Finding a depression treatment facility near you can allow your loved ones visit on designated days, or even participate in family therapy sessions. And since you are familiar with the climate, you can pack accordingly. On the other hand, out-of-state treatment can give you a fresh start in a new area and reduce your environmental and family distractions. You can search for depression and substance abuse treatment near you  and out-of-state by visiting the Rehabs.com treatment directory.

Does Insurance Cover Depression and Substance Abuse Treatment?

The Affordable Care Act (ACA) expanded substance use disorder treatment coverage through the expansion of treatment, mandating substance use disorder treatments to be offered as equals to medical treatments, and requiring substance use disorder treatment in existing insurance plans.12 If you don’t have insurance or are concerned about the cost of treatment, contact your insurance company or check your coverage online.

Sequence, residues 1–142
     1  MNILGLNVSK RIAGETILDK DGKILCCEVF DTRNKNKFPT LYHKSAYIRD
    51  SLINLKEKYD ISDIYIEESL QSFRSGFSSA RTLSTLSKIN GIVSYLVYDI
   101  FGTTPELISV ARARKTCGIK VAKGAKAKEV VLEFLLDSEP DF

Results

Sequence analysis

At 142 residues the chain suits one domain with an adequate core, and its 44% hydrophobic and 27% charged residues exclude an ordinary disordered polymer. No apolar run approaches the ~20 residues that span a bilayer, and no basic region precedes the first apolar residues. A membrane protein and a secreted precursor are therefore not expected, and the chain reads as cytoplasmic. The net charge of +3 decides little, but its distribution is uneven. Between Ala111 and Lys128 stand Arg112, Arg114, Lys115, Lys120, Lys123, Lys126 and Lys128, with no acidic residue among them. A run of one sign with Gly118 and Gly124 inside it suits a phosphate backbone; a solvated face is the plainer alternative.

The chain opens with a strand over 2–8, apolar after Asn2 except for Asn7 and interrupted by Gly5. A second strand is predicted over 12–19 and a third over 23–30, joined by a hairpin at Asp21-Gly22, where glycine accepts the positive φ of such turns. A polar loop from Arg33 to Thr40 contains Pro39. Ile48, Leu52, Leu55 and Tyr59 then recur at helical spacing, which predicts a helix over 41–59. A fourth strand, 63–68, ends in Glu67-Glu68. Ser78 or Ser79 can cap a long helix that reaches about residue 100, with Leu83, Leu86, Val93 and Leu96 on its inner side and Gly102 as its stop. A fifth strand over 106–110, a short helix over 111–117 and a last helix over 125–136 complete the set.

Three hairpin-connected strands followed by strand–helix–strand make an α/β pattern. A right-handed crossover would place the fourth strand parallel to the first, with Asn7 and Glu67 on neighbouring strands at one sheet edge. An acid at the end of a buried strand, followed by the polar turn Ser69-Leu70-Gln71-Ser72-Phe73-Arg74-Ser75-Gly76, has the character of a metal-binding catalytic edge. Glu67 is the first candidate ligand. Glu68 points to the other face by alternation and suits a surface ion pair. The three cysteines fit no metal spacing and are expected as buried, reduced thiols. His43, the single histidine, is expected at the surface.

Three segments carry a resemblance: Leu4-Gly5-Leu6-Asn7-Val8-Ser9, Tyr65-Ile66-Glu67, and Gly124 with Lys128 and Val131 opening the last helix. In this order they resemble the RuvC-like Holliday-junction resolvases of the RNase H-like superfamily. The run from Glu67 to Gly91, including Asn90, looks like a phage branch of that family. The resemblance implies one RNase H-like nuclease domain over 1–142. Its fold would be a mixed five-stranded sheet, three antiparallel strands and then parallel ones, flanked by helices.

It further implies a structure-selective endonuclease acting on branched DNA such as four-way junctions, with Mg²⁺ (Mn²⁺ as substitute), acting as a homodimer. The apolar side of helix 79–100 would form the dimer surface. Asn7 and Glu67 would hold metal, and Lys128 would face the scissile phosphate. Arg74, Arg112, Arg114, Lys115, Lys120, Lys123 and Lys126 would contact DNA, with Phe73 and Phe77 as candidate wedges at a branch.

Articles Related to Depression Treatment

Sources:

  1. National Institute on Drug Abuse. (2020). Health consequences of drug misuse.
  2. Harvard Health Publishing: Harvard Medical School. (2020). Six common depression types.
  3. National Institute of Mental Health. (2018). Depression.
  4. S. Department of Health and Human Services. (n.d.). Substance abuse.
  5. Kanwischer, R.W. (n.d.). DSM 5 substance use disorders.
  6. National Institute on Drug Abuse. (2018). Understanding drug use and addiction drug facts.
  7. National Institute on Drug Abuse. (2020). Common comorbidities with substance use disorders research report: Why is there comorbidity between substance use disorders and mental illness?
  8. National Institute on Drug Abuse. (n.d.). Substance use and SUD in LGBTQ+ populations.
  9. National Institute on Drug Abuse. (n.d.). Military life and substance abuse.
  10. National Institute on Drug Abuse. (n.d.). Comorbidity: Substance use and other mental disorders.
  11. National Institute on Drug Abuse. (2019). Treatment approaches for drug addiction: Drug facts.
  12. Abraham, A. J., Andrews, C. M., Grogan, C. M., D’Aunno, T., Humphreys, K., Pollack, H. A., & Friedmann, P. D. (2017). The Affordable Care Act transformation of substance use disorder treatment. American Journal of Public Health, 107(4), 31-32.